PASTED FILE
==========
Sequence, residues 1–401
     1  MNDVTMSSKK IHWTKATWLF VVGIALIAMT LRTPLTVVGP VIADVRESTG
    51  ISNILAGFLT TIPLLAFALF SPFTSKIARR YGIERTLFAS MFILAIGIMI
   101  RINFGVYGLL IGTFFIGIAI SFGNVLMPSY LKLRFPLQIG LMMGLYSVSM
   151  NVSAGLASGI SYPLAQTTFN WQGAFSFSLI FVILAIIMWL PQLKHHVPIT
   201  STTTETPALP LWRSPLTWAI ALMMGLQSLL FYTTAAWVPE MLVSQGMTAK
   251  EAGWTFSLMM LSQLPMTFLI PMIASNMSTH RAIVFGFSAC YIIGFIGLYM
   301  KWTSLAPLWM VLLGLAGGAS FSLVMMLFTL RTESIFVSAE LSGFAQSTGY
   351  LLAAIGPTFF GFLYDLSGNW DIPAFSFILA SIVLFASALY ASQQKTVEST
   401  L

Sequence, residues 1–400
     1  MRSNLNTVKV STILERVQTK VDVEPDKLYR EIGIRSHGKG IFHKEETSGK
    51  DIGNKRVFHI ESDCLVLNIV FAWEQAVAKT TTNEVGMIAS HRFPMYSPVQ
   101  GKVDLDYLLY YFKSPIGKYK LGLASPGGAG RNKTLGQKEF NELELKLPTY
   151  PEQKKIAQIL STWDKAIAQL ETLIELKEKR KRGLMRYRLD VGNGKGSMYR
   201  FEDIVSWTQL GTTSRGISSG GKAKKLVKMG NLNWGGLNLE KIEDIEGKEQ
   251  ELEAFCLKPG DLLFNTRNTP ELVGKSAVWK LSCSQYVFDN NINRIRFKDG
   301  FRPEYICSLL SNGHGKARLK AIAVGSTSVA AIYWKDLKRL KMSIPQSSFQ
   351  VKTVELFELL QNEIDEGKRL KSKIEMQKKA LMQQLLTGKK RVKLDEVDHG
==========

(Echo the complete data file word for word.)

Sequence, residues 1–401
     1  MNDVTMSSKK IHWTKATWLF VVGIALIAMT LRTPLTVVGP VIADVRESTG
    51  ISNILAGFLT TIPLLAFALF SPFTSKIARR YGIERTLFAS MFILAIGIMI
   101  RINFGVYGLL IGTFFIGIAI SFGNVLMPSY LKLRFPLQIG LMMGLYSVSM
   151  NVSAGLASGI SYPLAQTTFN WQGAFSFSLI FVILAIIMWL PQLKHHVPIT
   201  STTTETPALP LWRSPLTWAI ALMMGLQSLL FYTTAAWVPE MLVSQGMTAK
   251  EAGWTFSLMM LSQLPMTFLI PMIASNMSTH RAIVFGFSAC YIIGFIGLYM
   301  KWTSLAPLWM VLLGLAGGAS FSLVMMLFTL RTESIFVSAE LSGFAQSTGY
   351  LLAAIGPTFF GFLYDLSGNW DIPAFSFILA SIVLFASALY ASQQKTVEST
   401  L

Sequence, residues 1–400
     1  MRSNLNTVKV STILERVQTK VDVEPDKLYR EIGIRSHGKG IFHKEETSGK
    51  DIGNKRVFHI ESDCLVLNIV FAWEQAVAKT TTNEVGMIAS HRFPMYSPVQ
   101  GKVDLDYLLY YFKSPIGKYK LGLASPGGAG RNKTLGQKEF NELELKLPTY
   151  PEQKKIAQIL STWDKAIAQL ETLIELKEKR KRGLMRYRLD VGNGKGSMYR
   201  FEDIVSWTQL GTTSRGISSG GKAKKLVKMG NLNWGGLNLE KIEDIEGKEQ
   251  ELEAFCLKPG DLLFNTRNTP ELVGKSAVWK LSCSQYVFDN NINRIRFKDG
   301  FRPEYICSLL SNGHGKARLK AIAVGSTSVA AIYWKDLKRL KMSIPQSSFQ
   351  VKTVELFELL QNEIDEGKRL KSKIEMQKKA LMQQLLTGKK RVKLDEVDHG